Dr. Gregory Cotton (Ph.D, MBA and DML) is perhaps Wilson’s biggest booster. He avidly follows Wilson sports and academics and was up and down the sidelines taking pictures. [Photo: David Kramer]
Exactly seventeen years ago yesterday, the Wilson Wildcats came to Reifsteck Field only to lose to the Brighton Barons, 21 -7. Last night the Wildcats came back in full force.
I was worried about the game as Wilson is the defending Class A champs and last week shut out Leadership Academy. I was keenly hoping WE Barons could avenge the title game lost two years ago. I saw WE because I am a proud Baron, captain of the 1981 championship team.
Alas, my fears were confirmed. As described by Paul Gotham in Floyd paces Wilson onslaught (PICKIN’ SPLINTERS), the Wildcats scored on their first possession and never looked back. 46 – 7.
OK, so I was not the football captain back in 1981, but the chess team captain when we won the title. And that match when Wilson beat us two years ago was chess. (SEE BELOW). Although chess is not as popular as football, for all students, being on the chess team is an experience generating memorable moments lasting a lifetime.
Two years ago, the football Barons made it to the title game. We extensively covered their great run (SEE AT END). This year the team is off to a tough 0-2 start. But analysts at the Democrat and Chronicle predict a solid season for the Barons as they have many returning seniors.
Barons, Barons, what’s your cry?
— Brighton High School sports chant
For several years now, we’ve given our love many times to city chess and the Wilson Wildcat’s dynasty including last year’s win over SOTA in the playoff finals.But this year was to be Brighton’s. The 35th anniversary of that championship season when we Barons wore the Monroe County Chess League crown (now the Upstate New York Interscholastic Chess League.) The Fab Five: Andre, Alan, Phil, Dean and myself.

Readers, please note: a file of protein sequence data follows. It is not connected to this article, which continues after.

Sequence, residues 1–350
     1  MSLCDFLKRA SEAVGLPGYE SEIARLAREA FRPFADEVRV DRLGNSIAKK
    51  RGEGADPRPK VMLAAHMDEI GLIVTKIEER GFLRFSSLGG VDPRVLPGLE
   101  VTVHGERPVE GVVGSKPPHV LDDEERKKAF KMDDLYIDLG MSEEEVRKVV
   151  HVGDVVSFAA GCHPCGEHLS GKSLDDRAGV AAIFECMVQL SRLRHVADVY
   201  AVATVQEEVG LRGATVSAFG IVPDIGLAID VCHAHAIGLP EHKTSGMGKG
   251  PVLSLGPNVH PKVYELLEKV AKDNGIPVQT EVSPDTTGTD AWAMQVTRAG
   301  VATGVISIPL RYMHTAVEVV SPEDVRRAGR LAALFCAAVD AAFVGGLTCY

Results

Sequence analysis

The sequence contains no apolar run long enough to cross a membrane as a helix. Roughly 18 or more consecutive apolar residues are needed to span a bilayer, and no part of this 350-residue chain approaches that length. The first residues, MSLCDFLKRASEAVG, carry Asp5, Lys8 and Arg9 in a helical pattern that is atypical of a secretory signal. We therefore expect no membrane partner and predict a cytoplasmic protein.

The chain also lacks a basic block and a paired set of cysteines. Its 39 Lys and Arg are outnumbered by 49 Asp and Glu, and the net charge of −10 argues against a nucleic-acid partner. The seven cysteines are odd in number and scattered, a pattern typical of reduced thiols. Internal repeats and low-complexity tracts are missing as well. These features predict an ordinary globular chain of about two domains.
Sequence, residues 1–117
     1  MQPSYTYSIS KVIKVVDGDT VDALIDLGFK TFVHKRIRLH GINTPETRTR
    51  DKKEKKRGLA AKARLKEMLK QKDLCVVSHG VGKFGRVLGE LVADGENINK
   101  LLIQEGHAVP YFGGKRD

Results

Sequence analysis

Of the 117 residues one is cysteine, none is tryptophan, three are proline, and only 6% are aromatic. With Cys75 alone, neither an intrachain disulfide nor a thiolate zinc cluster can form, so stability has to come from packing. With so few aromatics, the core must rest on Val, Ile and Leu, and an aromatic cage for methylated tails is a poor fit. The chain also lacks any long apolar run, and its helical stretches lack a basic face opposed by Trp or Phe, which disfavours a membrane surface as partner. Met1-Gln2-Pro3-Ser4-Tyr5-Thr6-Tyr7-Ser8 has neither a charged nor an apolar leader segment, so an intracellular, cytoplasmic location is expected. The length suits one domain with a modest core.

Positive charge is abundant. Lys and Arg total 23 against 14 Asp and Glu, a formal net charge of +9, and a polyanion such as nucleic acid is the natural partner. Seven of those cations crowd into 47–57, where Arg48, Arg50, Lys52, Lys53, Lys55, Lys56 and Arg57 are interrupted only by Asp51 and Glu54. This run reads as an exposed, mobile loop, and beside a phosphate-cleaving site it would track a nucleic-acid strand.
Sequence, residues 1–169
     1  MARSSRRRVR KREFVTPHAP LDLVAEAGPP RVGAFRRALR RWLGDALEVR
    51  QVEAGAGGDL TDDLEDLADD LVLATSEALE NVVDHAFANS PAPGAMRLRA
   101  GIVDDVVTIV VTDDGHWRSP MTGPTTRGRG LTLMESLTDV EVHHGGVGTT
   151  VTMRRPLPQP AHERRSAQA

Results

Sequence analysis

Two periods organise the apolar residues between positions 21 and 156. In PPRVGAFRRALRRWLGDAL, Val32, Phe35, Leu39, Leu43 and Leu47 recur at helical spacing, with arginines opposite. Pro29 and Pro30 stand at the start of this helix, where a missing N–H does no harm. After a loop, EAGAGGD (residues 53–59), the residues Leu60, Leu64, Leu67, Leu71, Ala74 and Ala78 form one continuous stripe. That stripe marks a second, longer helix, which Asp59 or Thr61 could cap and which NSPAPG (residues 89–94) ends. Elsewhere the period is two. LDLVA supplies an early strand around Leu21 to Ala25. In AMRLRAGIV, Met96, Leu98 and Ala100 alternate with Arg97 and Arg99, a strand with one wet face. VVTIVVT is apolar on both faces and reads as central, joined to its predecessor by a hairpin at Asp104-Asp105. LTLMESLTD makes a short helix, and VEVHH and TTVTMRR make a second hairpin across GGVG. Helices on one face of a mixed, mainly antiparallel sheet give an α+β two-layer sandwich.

When I arrived today at Eastridge High School, the final round Wilson v. Brighton was underway. Despite playing undermanned, Brighton was ahead. Throughout the tournament, Brighton had only fielded three players, meaning boards 4 and 5 were automatic forfeits.
At first it was suggested the two players were missing because of Passover. Fair enough. But not true. One unnamable Baron had overslept. Baron, back in the day, we set multiple alarm clocks the night before that championship. The second Baron had another activity. No comment.
But those two unnamables appeared to have dodged checkmate. On pivotal board 3, Wilson’s Sam Cherin was down a rook.
Moving to the Brighton table to take pics of our vast display of hardware, I felt secure. But then a flurry of excitement on the Wildcat side.
Cherin had rallied — and won. Wilson had successfully defended its crown. V-I-C-T-O-R-Y.
In the post match interview, I asked Sam if he had seen it coming. When down a rook, he was hoping for a stalemate draw. But Sam was able encircle Black’s king with queen and rook. Then winning back a rook. Then, pressing his attack, the game.
From Avalon to Westland to Claybourne to Edgemoor, disappointment reigns.
At first, I considered downgrading the two overactive oversleepers from Barons to Vassals. But upon reflection, understandable stuff happens. We all oversleep. We all have prior commitments to which we are bound. Seriously, your participation on the team is much appreciated. Next year.
Besides, the Brighton chess world has phenomenal news to celebrate. A couple of months ago, junior Lev “Baron von Richtofen” Paciorkowski [my nickname] became a Master, his rating eclipsing the 2200 threshold. And who is Lev’s favorite player? It’s Paul Morphy from the 19th century! Good call, Lev.Only still in high school, Lev is unsure of his chess future, although he definitely plans to compete in college. Playing at the professional level takes a great deal of time and dedication. But there is no reason why Grandmaster can’t be next.